Se­nate votes for Trump’s nom­i­nee by 50-48 mar­gin

USA TODAY Weekend Extra - - FRONT PAGE - Deb­o­rah Barfield Berry, Herb Jack­son and Christal Hayes

WASH­ING­TON – The Se­nate voted Satur­day to con­firm Judge Brett Ka­vanaugh as a Supreme Court jus­tice, so­lid­i­fy­ing con­ser­va­tive con­trol of the high­est court in the land for years to come and end­ing a bit­ter bat­tle over his nom­i­na­tion.

Ka­vanaugh’s con­fir­ma­tion was not just a chance for Repub­li­cans to shift the court to the right for what could be decades but also a test of how pub­lic of­fi­cials re­sponded to the raw emo­tions un­leashed by the al­le­ga­tions of

sex­ual as­sault against Ka­vanaugh.

That re­sponse will likely be scru­ti­nized even fur­ther with the Nov. 6 midterm elec­tions a month away, giv­ing Democrats a chance to take con­trol of one or more cham­bers of Congress.

Ka­vanaugh was sworn in later Satur­day, with Chief Jus­tice John Roberts ad­min­is­ter­ing the con­sti­tu­tional oath and re­tired Jus­tice An­thony Kennedy, whom Ka­vanaugh was re­plac­ing, ad­min­is­ter­ing the ju­di­cial oath.

The con­fir­ma­tion was also a vic­tory for Pres­i­dent Don­ald Trump, who nom­i­nated Ka­vanaugh. He told re­porters be­fore the Se­nate vote that Ka­vanaugh would be a “great jus­tice of the Supreme Court.”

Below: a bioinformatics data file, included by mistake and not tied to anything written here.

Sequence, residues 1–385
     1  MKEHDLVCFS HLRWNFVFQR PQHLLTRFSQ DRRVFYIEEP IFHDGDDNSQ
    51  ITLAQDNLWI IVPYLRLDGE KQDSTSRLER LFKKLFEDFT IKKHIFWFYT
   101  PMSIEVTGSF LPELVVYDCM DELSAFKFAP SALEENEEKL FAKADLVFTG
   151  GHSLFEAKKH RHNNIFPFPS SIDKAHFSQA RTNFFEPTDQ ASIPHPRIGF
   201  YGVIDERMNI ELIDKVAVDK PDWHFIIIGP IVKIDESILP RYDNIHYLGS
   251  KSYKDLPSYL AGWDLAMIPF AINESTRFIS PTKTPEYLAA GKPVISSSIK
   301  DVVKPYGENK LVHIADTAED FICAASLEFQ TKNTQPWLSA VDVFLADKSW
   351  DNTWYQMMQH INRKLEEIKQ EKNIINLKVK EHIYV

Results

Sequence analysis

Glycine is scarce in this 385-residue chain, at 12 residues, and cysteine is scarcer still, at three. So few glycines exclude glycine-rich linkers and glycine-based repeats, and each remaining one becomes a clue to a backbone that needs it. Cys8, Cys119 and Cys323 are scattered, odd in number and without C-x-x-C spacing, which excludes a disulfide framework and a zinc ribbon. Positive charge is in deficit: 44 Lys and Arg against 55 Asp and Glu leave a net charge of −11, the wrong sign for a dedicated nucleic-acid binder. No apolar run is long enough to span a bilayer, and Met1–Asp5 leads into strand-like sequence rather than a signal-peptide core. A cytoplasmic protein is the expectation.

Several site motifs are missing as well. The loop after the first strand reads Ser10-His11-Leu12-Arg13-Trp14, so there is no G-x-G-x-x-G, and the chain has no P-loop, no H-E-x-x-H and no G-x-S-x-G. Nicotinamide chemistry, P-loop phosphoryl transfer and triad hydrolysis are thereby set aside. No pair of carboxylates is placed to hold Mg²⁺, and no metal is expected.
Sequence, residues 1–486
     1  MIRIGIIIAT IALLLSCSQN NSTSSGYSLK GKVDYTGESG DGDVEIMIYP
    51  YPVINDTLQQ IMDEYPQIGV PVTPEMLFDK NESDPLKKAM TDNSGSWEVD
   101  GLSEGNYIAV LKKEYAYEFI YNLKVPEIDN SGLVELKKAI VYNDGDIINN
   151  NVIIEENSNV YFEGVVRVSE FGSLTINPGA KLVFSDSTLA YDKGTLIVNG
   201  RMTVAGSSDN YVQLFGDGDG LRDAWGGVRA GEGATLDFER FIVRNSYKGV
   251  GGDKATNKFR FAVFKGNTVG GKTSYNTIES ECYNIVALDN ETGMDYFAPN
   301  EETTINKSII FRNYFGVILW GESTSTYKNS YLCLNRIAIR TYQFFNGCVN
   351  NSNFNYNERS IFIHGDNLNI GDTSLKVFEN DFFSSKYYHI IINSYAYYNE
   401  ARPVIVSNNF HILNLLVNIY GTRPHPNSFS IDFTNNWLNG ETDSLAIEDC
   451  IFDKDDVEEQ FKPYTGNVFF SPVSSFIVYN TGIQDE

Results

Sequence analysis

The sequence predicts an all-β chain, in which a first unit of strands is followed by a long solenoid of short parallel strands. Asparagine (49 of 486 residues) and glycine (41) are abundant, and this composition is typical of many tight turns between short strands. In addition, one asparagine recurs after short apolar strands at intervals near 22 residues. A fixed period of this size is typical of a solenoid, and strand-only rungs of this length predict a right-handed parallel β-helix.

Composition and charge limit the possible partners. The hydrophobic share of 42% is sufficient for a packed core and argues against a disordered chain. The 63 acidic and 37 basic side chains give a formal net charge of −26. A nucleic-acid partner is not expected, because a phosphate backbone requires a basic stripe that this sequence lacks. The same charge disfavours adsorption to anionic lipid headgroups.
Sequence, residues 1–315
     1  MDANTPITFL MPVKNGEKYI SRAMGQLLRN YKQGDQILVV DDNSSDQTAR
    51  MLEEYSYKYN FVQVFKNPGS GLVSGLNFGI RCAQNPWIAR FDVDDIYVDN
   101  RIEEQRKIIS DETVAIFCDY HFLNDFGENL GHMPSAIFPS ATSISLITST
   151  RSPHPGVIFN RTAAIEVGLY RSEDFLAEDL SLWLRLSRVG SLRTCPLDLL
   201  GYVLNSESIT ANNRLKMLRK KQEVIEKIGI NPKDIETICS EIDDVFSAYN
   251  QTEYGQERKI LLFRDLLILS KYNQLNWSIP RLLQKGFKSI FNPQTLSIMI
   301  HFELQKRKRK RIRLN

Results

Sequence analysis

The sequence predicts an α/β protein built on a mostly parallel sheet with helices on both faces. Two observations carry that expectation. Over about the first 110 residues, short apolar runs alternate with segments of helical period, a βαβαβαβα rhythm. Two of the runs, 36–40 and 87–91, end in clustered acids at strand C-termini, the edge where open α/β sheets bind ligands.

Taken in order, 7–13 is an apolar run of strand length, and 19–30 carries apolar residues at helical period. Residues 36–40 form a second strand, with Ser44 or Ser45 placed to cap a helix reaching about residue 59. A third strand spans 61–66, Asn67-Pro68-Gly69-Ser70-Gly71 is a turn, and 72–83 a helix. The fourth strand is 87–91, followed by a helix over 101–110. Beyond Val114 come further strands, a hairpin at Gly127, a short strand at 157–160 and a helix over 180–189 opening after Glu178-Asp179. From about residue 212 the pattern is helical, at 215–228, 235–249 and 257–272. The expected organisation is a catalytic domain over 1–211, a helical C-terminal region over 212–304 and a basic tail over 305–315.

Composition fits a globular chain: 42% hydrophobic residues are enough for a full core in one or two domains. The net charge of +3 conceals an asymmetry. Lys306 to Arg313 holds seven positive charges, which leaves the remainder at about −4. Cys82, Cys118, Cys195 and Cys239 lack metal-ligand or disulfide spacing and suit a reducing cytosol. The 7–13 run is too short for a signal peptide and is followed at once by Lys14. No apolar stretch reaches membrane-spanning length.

The fi­nal vote was 50-48. Sen. Joe Manchin was the only Demo­crat to break ranks and vote in fa­vor of Ka­vanaugh. Sen. Steve Daines, R-Mont., was at his daugh­ter’s wed­ding Satur­day, and fel­low Repub­li­can Sen. Lisa Murkowski, of Alaska, who’d sig­naled a “no” vote, in­stead voted “present” as a col­le­gial ges­ture.

For weeks, Ka­vanaugh’s fu­ture had hung in the bal­ance dur­ing hear­ings, FBI in­ves­ti­ga­tions and sex­ual as­sault al­le­ga­tions, which he has de­nied.

Ka­vanaugh’s path to con­fir­ma­tion be­came clear Fri­day af­ter­noon when Sen. Su­san Collins, R-Maine, who had been on the fence for months, an­nounced her sup­port for the judge in a 45-minute speech on the Se­nate floor.

“It is when pas­sions are most in­flamed that fair­ness is most in jeop­ardy,” she said.

The anger among Ka­vanaugh’s crit­ics was ev­i­dent on the steps of the Capi­tol, where hun­dreds of pro­test­ers had gath­ered. Many sat down un­til po­lice be­gan mak­ing wide­spread ar­rests.

They held signs read­ing “Kava Nope” and “Shame, Collins.” Many of the pro­test­ers said they felt pow­er­less but vowed that next month’s midterms would change that.

Be­fore Vice Pres­i­dent Mike Pence called for the first vote, pro­test­ers in the Se­nate an­grily be­gan yelling and were dragged out by po­lice.

“I do not con­sent,” a woman could be heard scream­ing af­ter she was taken away.

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